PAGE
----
‘The Routledge Companion to Philanthropy’ – Edited by Tobias Jung, Susan D Phillips and Jenny Harrow

Reviewed by Juliet Valdinger.

This book is an incredible compendium of essays covering a wide field of knowledge in what some feel is a nascent sector (which it is not). As ‘philanthropy is becoming transnational, creative in the vehicles for giving and community mobilizing, and transparent as never before’ (p28), it is time for society to recognize the potential of philanthropy and implement the multi-faceted tools that will bring its benefits to light.

The introduction is eloquent and engaging, setting the scene well to inform the reader what is ahead. It (subconsciously) encourages us to fill up the kettle to its maximum, get out a bunch of pencils and post-its and prepare ourselves for a couple of hours of insightful discussions and thought-provoking suggestions.

The overall structure of the book is clear, with a culmination of thoughts and discussions about how philanthropy presents across different cultures, its motivations, usage, management, assessment, and future. Covering 32 chapters and complementary vignettes, produced by a diverse and international range of individuals, the scale of this work strikes me with awe.

The rigour of the academic discipline highlights that the information shared comes from authors who are well-read and the chapters are a collation and analysis of their thoughts.

One of the key challenges in the philanthropy space is the lack of clarity in the ‘jargon’ commonly used. Some might say ‘impact investment’ is separate from philanthropy language.

However, as a reviewer, I believe that terms such as impact investment, social investment, social impact investment, social impact bonds, corporate philanthropy, corporate social responsibility, venture philanthropy et al certainly do fall within the scope of philanthropy.

Philanthropy is like the sea – a big space with lots of different creatures all striving to achieve social change, but naturally, the ideologies of how that change is created will vary (this is a personal metaphor and not one proposed by the editors of this book). The Companion describes a good percentage of sea-life creatures.

I welcome the fact there is a vignette at the start of each section. It puts things in context before you ask ‘is it worth my time to read this?’ In some parts, the style of writing in the vignettes does differ noticeably from the following chapters written by academics, which have greater prose and depth in their discourse.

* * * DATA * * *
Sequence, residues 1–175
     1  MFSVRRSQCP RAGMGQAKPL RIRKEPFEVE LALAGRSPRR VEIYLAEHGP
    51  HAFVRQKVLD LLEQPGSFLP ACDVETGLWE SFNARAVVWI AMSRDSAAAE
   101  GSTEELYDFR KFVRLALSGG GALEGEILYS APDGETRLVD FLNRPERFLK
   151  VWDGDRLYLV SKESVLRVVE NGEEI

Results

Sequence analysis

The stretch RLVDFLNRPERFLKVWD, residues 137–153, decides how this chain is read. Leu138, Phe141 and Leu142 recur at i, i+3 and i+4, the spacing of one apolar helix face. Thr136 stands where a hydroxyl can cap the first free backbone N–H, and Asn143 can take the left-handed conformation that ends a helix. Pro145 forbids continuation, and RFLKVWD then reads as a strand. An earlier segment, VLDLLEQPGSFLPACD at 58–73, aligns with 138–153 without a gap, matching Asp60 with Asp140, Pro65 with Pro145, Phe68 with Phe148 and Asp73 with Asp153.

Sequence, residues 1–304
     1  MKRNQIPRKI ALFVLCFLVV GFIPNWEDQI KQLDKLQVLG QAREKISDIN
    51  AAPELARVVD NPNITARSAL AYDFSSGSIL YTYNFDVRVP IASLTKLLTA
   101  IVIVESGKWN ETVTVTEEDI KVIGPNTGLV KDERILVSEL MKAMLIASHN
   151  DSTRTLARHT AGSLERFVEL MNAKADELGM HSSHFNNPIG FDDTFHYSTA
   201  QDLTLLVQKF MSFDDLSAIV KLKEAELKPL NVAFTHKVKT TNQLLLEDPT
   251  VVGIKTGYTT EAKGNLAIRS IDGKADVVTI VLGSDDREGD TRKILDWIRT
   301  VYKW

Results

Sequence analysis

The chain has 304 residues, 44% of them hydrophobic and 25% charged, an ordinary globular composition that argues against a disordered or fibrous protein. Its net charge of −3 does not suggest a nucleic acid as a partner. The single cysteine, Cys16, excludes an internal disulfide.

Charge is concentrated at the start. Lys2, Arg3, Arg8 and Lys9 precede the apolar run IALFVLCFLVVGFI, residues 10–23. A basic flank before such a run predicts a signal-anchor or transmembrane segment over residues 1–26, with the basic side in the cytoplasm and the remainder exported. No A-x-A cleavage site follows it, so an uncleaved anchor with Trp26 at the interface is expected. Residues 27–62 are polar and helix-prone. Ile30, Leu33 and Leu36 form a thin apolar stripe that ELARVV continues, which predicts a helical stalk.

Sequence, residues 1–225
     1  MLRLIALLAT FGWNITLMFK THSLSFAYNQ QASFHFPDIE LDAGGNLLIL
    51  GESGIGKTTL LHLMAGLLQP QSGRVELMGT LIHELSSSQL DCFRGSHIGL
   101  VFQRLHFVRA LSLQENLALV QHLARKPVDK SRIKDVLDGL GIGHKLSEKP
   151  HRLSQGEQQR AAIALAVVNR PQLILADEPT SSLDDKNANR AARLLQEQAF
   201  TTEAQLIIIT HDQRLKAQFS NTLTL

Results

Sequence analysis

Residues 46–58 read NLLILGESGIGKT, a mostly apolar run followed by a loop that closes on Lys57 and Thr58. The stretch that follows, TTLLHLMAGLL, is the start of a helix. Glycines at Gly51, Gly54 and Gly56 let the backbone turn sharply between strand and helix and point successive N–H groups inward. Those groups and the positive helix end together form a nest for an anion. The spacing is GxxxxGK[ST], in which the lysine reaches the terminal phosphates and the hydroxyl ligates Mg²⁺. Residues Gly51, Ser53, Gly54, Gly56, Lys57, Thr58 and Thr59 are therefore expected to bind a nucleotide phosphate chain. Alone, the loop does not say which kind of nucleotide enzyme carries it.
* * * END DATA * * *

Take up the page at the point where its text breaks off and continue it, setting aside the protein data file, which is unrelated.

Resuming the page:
However, if philanthropy is going to be successful it must reach out to a multitude of parties and we must accept some varieties of style, embracing the diversity of value it will bring.

Although I would never have thought to use the word ‘uber’ and ‘donor advised funds’  in the same sentence, the intersection in chapter 32 is a thought-provoking metaphor for how philanthropy responds to inequalities in the power relationships between funder and funded party, new innovative ideas and technology tools, the ever-increasing need for transparency and accountability, and the challenge for philanthropy to ‘up its game’.

With such a breadth of insight, I note only two small additions that would enhance a second edition. First, I applaud the editors for doing what academics should do as standard practice, and acknowledging their limitations in the introduction as it is made clear that the chapters focus primarily on financial contributions rather than voluntary work or contributions of other resources.

Perhaps this topic could have been written as a short chapter in itself to stem any criticism that the book has left out other key channels used to benefit the people on the ground.

The second is that while academics are the intended audience, even academics need to breathe. The book is incredibly dense with information, which is very much of value to anyone who wants to structure their thinking about philanthropy within an intellectual framework. However, perhaps images or coloured graphs or charts would have made it more readable.

Simply put, I wish a book of this sort had been written several years ago at a time when I would have been able to absorb the multi-disciplined philanthropy world before the start of my study and work in this space. But hey ho. Although it is written with academics in mind, practitioners (and academics at the start of their practice) should not look at this heavy book with fear. It will become the philanthropy bible of its time.

Juliet Valdinger is a philanthropy consultant. Email juliet.valdinger@gmail.com

About the book
Edited by: Tobias Jung, Susan D Phillips and Jenny Harrow
Published by: 
Routledge
Price: £120
ISBN: 9780415783255
To order: routledge.com


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